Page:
[View of the horns of Hattin from the east, standing at Magdala, the home of Mary Magdalene]

It was only 14km…

The famous battle of the horns of Hattin between Saladin and uneasy alliance of Raymond de Chatillon and Guy of Lusignan led to the collapse of the 2nd crusade kingdom of Jerusalem on 2 July, 1187. Raymond de Chattilon had proved himself a royal nuisance by setting himself on the Arab caravans in southern Jordan, even following the requests of the king not to continue. The crusaders had established their position in Jerusalem because of the fortifications of the city, and the difficulty in supply for the besieging troops.
Saladin had established himself as the vizier of Egypt, had been accepted in Damascus, Mosul and Allepo and was becoming the undisputed military leader of the Muslim world. Although with popular support and several victories to indicate the strength of his military command, the efforts had come to a temporary stalemate with a victory over Saladin at Ramla by King Baldwin (Near Rishon le Zion). Saladin’s forces were decimated and Saladin fled on a camel from the battleground.
His strategy was to draw the crusaders from their points of strength. By entrapping Raymond’s wife Eschiva under siege at Tiberias, he lured the forces to march in very dry conditions away from water to challenge the siege. The forces marched slowly carrying “the true cross” leaving in the morning from Sephoria rather than marching at night.

Immediately after leaving, the Frankish forces were placed under skirmishes by muslim cavalry, with the intent of slowing the travel of the host. By midday the army had only travelled 10km arriving at the waters at Turan, where the knights took water, but the remainder of the army was slaked.

The afternoon saw further harassment of the troops by circling cavalry, and as soon as the army had cleared Turan, the waters was blocked by immediate action of Saladin’s horsemen. There was only one way to go, to the waters of the lake. When the army then reached the summit of the Horns, the western margins of Mt Arbel, the trap was set. The hot and wearied army was fatigued and without fortification. The tinder-dry grasses were set alight and the agitated horses reared leaving the helpless heavy armoured knights immobile in the inferno and easy targets. The result was a massacre. The bishop carrying “the true cross” was killed, the king’s tent was surrounded and both Raymond and Guy were captured. But the irony was still to come. Saladin in a grandiose gesture had his horsemen supply snow from Hermon in a cup to Guy who after drinking passed it to Raymond de Chattilon. Saladin used this as a pretext to kill Raymond, his bitter antagonist as this was outside normal rules of hospitality to take a cup un-offered.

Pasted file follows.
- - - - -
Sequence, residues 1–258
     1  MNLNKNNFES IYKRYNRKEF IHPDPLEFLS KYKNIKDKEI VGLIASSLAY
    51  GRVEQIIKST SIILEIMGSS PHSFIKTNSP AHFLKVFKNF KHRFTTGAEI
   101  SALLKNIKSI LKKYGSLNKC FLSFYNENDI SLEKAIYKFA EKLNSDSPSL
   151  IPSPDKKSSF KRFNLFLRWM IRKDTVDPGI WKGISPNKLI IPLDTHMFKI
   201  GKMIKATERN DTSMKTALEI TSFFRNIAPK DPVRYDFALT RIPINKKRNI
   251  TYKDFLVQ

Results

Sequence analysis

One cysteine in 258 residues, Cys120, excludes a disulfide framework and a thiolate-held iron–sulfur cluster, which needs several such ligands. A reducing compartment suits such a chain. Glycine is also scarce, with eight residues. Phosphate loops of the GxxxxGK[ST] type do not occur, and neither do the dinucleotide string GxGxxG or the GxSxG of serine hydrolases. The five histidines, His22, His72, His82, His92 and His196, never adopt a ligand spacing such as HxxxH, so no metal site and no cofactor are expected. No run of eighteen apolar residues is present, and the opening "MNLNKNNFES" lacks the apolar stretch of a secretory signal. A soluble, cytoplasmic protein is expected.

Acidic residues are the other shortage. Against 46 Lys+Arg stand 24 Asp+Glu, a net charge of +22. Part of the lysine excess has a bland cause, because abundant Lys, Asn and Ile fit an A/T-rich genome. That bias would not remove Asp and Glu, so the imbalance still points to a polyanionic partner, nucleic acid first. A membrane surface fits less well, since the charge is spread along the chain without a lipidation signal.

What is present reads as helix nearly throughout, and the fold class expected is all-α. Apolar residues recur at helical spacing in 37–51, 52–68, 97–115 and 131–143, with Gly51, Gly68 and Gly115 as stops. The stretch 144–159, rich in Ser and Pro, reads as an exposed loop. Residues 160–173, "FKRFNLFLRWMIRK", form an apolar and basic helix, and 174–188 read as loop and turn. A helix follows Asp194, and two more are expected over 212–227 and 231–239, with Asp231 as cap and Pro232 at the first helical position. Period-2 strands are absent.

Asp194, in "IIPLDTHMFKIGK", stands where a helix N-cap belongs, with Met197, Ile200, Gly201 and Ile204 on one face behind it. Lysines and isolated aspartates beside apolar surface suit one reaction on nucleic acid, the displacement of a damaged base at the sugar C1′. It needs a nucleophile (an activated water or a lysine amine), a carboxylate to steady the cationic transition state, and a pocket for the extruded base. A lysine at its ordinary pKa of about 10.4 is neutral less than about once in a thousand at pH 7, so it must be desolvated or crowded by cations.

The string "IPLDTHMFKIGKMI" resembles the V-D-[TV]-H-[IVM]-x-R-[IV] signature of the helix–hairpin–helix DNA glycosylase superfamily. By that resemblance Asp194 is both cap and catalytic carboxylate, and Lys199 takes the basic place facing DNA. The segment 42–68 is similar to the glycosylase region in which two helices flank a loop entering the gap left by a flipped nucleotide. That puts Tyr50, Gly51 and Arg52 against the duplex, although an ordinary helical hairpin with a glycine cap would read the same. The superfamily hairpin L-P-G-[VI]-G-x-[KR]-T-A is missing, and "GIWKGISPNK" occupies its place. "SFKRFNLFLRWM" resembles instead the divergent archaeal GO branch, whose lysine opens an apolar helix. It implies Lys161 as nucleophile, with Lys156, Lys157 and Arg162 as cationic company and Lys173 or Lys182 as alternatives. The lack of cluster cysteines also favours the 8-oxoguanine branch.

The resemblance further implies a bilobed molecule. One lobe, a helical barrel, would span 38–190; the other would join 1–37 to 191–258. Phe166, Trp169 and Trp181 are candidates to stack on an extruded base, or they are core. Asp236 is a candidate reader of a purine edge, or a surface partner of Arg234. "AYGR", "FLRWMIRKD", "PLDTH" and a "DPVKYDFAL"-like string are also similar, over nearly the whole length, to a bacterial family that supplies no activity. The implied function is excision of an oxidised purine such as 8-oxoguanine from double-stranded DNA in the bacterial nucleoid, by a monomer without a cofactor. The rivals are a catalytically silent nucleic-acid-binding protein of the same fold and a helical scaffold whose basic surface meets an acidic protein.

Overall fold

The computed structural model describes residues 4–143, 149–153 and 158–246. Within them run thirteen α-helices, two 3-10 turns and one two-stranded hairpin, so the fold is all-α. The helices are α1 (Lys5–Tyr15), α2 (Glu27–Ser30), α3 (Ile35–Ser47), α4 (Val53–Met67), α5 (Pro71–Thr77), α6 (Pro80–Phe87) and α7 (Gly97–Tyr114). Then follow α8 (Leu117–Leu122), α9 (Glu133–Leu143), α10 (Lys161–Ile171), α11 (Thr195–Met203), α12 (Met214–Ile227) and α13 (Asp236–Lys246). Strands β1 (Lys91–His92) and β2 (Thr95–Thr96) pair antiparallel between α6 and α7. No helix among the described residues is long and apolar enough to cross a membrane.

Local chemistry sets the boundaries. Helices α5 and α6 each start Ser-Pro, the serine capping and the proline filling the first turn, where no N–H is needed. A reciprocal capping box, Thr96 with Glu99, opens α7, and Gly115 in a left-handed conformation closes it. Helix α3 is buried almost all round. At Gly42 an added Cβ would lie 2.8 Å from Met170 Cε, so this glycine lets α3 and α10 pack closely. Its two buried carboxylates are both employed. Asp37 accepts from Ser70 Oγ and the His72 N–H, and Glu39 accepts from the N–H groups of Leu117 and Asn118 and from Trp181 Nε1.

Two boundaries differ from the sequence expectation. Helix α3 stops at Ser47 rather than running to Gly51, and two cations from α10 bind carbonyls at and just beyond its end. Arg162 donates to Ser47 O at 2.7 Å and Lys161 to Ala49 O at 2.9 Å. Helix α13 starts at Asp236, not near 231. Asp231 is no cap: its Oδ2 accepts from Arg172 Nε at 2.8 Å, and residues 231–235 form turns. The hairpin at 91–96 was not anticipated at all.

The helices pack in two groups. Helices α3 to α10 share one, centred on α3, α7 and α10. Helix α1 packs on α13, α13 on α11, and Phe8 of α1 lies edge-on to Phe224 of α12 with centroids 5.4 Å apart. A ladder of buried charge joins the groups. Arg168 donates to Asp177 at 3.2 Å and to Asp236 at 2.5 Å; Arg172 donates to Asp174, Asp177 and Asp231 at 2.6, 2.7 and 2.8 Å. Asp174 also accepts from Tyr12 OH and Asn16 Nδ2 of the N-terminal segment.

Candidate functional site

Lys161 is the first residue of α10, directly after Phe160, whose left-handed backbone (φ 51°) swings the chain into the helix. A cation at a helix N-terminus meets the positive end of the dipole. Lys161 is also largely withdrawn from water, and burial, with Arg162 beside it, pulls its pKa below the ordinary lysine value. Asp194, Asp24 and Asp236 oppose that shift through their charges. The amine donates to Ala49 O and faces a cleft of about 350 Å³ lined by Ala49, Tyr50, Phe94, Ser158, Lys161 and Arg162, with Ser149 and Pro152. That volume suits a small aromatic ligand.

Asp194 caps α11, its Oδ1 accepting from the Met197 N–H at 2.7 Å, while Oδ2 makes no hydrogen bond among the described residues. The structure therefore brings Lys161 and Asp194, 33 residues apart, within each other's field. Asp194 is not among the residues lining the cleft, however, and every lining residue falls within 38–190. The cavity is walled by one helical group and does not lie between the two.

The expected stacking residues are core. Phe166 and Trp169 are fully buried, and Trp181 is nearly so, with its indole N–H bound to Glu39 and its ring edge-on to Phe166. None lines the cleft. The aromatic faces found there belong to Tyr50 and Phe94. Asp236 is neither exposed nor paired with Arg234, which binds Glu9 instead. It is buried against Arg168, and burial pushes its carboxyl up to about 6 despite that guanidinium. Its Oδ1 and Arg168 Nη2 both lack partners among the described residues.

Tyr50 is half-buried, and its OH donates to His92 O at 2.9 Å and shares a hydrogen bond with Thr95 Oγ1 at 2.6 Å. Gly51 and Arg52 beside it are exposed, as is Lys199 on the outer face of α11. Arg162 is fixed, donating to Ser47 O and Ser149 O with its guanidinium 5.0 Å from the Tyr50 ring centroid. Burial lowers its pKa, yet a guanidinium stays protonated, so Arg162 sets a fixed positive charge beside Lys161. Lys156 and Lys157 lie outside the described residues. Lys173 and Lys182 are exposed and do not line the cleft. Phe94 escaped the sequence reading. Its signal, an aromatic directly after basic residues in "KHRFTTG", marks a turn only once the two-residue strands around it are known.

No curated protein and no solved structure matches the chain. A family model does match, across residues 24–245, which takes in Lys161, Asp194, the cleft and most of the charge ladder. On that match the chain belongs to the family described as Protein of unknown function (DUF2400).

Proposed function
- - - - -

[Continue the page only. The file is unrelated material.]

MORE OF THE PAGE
Saladin wrote, “Satan incited Guy to do what ran counter to his purpose.” but God was using the Muslim forces to judge the catholic Rome. Sent from the bottomless pit (or the Abyss) an apt name for the expansive rift valley that separated the land from Syria and Jordan.

It was only 14 km to the waters that day, but the troops did not make it…